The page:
Thursday, July 31, 2008

Donald Thomas interview transcript

Here's the transcript of an interview with Donald Thomas and the Miami media conducted Wednesday after practice with the Dolphins, courtesy of SportsTicker.

On the challenge of going up against veterans on the defense like LB Joey Porter and DT Jason Ferguson) – “It definitely gets you nervous when you see them out there talking up a storm and everything like that. When you get out there, you just play football. You don’t try to think about that. You just try to do what you have to do within the play and within the scheme of the offense and just try to help out as much as possible. But going against those guys, knowing what kind of a reputation they do have, definitely is intimidating at times.”

(On picking up the scheme) -- “I think it’s more of tough love. They just tell me to have high expectations for yourself. The scheme, somewhat is what I’m familiar with at UConn from previous years. It definitely is a lot to learn within the scheme because it’s a lot more complicated. I think I’m picking it up kind of smoothly, but I still have a long way to go.”

(On trying to prove himself and moving practice into the bubble) -- “I really have no control over it. I just have to make the best out of the situation that I’m in each time I come out of the practice field. Whether we’re inside or outside, I just have to go out there and compete.”

(On what Head Coach Tony Sparano means when he says he makes himself “heavy” and hard to move) -- “Just trying to play as strong as possible all the time. I put myself in the best situation that I can. Basically, listen to coach (Mike) Maser, my offensive line coach, and him giving me the proper fundamentals and techniques that puts me in the position to be that way.”

(On the area in which he has made the biggest improvement since the start of camp) -- “I think my run blocking was a big concern for me but with the techniques I’ve been learning, it’s definitely made it a little bit easier and I still have a long way to go in the run blocking. Also, with pass protection, I have to move my feet a lot more. They’re a lot faster at this level then they are in college. I’m just trying to adjust to the speed of the pass rusher, so moving my feet is a big thing also in pass protection.”

(On if T Vernon Carey has been giving him any advice) -- “All the time. He’s told me to set off the ball a lot more. When I’m up too close, sometimes the defenders can get a jump on me. Make sure that in certain situations you have to know what it is. You have to know if you have to get out of your stance quicker on third and long because they are really going to be putting their ears back and coming. Just listening to Vernon , Vernon knows what he’s talking about. Samson’s (Satele) been out there for a year. Justin (Smiley) has been in this, this has been his fifth year and Jake’s (Long) a great player. Just listen to all of those guys. Then you have the guys behind you that have played before, too. Everyone around me has been giving me tips and really helping me out.”

(On G Justin Smiley being his roommate in camp) -- “When I found out it was the biggest relief knowing that Justin, a five year vet, was my roommate. He can help me out with, the “camp blues” so to say. Coming back to the room, thinking the world’s going to end because you had a bad day of practice. He reassures you. Having Justin is just great.”

SPARANO quote on Thomas
(On is Donald Thomas ahead at right guard or is he continuing to flip new guys in at that position)
– “Right now you have right side and left side, and with a young guy you’re trying to keep them on a side right now as opposed to starting to flip them early on. At the same time Donald is a big, strong kid that’s athletic. When you watch him out there, I know coming off the field yesterday, a couple of our defensive players thought ‘He’s really heavy.’ And when a defensive player says ‘Really heavy,’ he doesn’t mean heavy in size, he means in heavy when he hits you, and when he leans on you and those are good qualities to have in offensive lineman when they’re big and they play big. That was encouraging. It was good to get him out there and let him compete against some of the first team players out there and see how he responds. As we’ve said before we’ll keep moving them around until we find the right five.”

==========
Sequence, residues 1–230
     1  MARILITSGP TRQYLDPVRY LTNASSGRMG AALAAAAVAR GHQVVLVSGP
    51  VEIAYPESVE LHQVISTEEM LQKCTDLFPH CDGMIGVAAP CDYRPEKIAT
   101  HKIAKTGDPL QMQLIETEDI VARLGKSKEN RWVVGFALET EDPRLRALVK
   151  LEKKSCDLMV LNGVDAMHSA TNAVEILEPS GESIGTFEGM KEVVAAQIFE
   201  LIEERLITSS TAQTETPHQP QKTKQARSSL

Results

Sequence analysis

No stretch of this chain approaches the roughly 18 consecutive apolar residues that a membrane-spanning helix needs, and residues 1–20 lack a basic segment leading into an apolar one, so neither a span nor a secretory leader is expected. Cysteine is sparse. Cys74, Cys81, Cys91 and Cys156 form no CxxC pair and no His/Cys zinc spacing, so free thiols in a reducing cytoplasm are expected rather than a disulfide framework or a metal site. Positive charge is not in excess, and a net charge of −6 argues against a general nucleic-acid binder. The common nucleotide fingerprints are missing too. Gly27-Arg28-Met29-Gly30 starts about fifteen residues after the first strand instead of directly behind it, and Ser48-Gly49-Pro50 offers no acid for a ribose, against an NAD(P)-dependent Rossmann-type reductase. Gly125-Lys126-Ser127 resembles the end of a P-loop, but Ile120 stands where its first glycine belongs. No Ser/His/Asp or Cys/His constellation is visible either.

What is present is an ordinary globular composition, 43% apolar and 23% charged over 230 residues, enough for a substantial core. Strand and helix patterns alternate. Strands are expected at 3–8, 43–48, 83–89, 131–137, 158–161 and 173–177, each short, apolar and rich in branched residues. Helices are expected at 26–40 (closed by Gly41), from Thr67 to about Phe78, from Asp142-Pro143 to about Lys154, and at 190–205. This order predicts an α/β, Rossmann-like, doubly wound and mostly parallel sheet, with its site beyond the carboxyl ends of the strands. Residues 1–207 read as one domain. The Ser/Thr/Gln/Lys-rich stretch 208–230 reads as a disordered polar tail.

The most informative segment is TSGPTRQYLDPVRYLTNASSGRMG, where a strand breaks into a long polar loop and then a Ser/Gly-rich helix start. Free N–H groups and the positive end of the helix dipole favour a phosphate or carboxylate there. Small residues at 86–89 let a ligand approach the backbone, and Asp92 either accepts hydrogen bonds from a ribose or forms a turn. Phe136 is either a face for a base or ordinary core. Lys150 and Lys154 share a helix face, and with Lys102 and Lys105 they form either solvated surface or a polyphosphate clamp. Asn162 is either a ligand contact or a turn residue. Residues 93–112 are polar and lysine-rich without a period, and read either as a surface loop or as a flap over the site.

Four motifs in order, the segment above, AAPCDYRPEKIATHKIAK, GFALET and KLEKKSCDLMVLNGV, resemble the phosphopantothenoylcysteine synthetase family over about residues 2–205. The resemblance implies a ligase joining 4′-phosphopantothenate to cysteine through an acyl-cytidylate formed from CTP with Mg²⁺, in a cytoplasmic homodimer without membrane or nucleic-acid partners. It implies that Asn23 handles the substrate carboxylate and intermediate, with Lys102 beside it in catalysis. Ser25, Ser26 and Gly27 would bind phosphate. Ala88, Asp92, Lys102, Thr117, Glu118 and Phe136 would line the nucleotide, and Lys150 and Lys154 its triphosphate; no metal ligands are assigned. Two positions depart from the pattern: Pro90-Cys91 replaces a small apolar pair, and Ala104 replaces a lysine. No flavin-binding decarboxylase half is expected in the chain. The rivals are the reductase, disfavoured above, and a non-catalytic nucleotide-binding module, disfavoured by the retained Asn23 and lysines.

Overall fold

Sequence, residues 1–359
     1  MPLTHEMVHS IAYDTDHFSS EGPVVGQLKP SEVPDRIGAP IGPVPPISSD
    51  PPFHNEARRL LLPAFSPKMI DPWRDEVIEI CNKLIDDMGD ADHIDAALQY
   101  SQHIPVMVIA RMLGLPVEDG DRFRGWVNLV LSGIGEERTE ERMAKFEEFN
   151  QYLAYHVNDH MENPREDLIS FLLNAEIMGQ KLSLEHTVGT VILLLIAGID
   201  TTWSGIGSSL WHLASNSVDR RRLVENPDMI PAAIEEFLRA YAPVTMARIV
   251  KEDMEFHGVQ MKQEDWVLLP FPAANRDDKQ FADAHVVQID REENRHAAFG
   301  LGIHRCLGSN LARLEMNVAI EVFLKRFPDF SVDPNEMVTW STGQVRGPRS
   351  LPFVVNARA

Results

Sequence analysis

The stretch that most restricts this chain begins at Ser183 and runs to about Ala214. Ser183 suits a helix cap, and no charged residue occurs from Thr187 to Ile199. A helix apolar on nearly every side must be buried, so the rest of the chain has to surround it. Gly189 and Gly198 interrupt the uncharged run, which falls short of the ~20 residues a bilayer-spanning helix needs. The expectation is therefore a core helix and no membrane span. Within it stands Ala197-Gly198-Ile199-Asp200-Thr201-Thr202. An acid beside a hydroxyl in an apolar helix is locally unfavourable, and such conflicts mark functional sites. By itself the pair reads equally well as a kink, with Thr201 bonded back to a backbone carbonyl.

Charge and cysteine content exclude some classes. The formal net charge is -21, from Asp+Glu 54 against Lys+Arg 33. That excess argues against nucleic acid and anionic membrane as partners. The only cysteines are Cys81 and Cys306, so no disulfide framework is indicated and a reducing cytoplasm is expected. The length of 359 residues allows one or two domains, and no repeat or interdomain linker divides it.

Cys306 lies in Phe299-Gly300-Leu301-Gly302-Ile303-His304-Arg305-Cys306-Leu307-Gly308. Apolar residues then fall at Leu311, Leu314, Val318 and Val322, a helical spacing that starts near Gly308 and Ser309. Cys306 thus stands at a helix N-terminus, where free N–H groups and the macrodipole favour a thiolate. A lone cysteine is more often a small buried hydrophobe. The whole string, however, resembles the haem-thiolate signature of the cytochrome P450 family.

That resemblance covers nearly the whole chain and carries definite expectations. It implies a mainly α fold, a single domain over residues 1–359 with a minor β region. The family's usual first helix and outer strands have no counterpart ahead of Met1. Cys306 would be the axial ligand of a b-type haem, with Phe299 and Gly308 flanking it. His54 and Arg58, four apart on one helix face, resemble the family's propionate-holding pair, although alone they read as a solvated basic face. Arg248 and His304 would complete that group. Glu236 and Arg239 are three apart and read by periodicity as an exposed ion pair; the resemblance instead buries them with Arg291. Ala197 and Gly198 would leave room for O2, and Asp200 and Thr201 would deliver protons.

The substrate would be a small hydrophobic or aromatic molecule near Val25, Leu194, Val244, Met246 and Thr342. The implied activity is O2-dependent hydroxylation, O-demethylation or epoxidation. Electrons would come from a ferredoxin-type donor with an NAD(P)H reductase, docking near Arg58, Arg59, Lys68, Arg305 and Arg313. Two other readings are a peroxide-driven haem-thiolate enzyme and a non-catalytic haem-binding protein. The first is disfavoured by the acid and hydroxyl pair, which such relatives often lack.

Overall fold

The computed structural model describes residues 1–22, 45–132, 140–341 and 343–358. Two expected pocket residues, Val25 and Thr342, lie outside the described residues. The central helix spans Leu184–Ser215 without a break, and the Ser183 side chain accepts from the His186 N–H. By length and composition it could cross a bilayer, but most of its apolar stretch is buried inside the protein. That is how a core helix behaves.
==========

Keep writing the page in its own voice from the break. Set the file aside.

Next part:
Wednesday, July 30, 2008

Jarrell Miller leaves UConn

Looks like the riddle of the mystery player leaving the program has been answered. It's Jarrell Miller, who cited personal reasons for his departure. Here's a few more notes and updates sent out via a UConn email earlier this afternoon: an odd maneuver we rarely see. Miller's departure is snuck in at the end. News on Aaron Bagsby smarts, too.

STORRS , Conn. (July 30, 2008) --- The University of Connecticut football team will open practice for the 2008 season on Friday, August 1. As the Huskies enter preseason camp, the following is an update on the Husky roster.

* Redshirt junior defensive tackle Brandon Dillon (Rochester, N.Y.) has been enrolled at the University during the summer sessions and is eligible to participate. He played in ten games last season, but was not enrolled in school during the spring semester.

* Redshirt freshman safety Aaron Bagsby (Henderson, Nev.) will undergo knee surgery on Thursday, July 31 and will not participate in preseason drills. He played in the season-opener last year against Duke and missed the rest of the year with an injury.

* Redshirt sophomore defensive end Mike Cox (West Hempstead, N.Y.) will see limited practice time in preseason camp and is still recovering from a knee injury that kept him out of spring practice.

* Defensive tackle Jarrell Miller (Richmond, Va.) has left the University and football program for personal reasons.

* * *

Television plans for UConn’s season opening contest against Hofstra on Thursday, August 28 at 7:30 p.m. have been announced. The game will be televised live by ESPN Regional Television and will be seen in Connecticut on WCTX-MyTV9. In addition, the game will be seen on SportsNet New York (SNY).

Tuesday, July 29, 2008

Media Day musings

Another Big East media day is in the books. I can't imagine there's a conference in the country that comes close to matching the two days we get here in Newport, R.I. Fantastic event, as always.